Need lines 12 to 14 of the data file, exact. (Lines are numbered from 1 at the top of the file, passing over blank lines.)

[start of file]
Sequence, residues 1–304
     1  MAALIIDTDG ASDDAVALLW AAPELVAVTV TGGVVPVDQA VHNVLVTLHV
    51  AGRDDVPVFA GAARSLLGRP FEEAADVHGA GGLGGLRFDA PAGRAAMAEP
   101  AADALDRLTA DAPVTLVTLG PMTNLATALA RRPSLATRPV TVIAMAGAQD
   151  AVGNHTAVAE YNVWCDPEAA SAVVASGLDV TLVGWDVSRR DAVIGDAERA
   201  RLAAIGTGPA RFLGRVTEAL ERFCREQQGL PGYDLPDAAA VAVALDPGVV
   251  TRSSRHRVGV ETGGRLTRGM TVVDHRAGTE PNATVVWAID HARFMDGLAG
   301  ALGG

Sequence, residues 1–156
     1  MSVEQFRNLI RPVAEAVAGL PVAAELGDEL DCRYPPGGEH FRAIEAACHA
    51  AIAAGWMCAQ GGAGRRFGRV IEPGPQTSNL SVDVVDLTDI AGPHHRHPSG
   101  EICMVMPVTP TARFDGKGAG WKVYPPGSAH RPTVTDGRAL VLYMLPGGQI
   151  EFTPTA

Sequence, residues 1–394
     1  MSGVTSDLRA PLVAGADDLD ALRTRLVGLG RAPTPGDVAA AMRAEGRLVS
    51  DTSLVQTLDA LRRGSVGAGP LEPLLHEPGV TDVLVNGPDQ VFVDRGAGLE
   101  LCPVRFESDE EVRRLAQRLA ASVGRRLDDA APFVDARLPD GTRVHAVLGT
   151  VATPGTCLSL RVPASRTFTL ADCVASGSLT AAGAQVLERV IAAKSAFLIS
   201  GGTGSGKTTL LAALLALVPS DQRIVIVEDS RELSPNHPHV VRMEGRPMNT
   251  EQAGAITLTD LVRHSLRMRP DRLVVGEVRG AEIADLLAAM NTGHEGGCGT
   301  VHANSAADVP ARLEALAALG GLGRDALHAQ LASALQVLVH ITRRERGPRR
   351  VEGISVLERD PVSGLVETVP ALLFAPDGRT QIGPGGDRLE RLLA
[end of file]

   101  EICMVMPVTP TARFDGKGAG WKVYPPGSAH RPTVTDGRAL VLYMLPGGQI
   151  EFTPTA

Sequence, residues 1–394